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The scene has been set for below-average winter crop harvest volumes, as very low soil moisture levels across Australia curb yield prospects and further plantings remain dependent on rain in the coming four weeks, according to Rabobank’s just-released Australian 2018/19 Winter Crop Outlook.

While the agribusiness banking specialist says there is still time for crops to be planted in most regions, and has only scaled back its Australian winter crop planting forecast to 21.6 million hectares – in line with the five-year average and two per cent down on 2017/18 – this season’s winter crop production and export capacity will be down.

Rabobank senior grains and oilseeds analyst Cheryl Kalisch Gordon said with a delayed start to the season’s plantings due to lack of rain and much of the nation’s crop sown into dry soil, high yield prospects were now largely out of reach.

“High-end yield prospects have been removed, certainly for canola, but increasingly for wheat and barley with average yields, and in some cases less-than-average yields considered likely,” she said.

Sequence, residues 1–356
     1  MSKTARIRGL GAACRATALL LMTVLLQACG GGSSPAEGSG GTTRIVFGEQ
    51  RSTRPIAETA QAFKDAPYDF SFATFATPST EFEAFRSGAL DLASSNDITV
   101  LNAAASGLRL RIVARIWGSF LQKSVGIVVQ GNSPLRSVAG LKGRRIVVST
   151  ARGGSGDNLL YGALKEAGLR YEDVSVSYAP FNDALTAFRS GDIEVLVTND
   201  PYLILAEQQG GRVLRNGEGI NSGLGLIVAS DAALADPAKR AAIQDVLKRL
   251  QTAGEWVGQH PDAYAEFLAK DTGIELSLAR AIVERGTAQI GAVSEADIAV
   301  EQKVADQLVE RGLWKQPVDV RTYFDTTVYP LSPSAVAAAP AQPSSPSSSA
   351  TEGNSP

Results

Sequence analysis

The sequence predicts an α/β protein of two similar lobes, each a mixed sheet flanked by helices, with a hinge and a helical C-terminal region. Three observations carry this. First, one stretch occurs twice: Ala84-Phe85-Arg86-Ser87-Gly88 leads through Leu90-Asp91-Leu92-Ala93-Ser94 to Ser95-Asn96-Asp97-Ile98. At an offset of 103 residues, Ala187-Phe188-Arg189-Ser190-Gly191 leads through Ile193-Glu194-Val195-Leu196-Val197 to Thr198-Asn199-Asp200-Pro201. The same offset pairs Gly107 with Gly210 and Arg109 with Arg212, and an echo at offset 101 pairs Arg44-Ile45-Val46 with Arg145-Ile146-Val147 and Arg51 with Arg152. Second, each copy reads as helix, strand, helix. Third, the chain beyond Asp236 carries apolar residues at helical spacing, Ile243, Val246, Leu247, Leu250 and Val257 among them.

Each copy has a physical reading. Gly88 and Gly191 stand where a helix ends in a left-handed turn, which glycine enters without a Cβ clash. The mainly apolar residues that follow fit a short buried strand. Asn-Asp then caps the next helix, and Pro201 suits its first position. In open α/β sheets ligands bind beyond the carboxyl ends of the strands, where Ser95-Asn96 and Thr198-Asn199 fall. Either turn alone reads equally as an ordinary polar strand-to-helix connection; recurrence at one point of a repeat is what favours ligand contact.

“Early indications are that Australian wheat production in 2018/19 will be in the order of 22.9 million tonnes, and 36.5 million tonnes for the total winter crop, lower than the 37.8 million tonnes harvested last season.”

Dr Kalisch Gordon, co-author of the report with Rabobank agricultural analyst Wes Lefroy, said given the early stage of the season, the wheat crop could come in between 18 million and 28 million tonnes, while a total winter crop between 28 million and 44 million tonnes was possible. 

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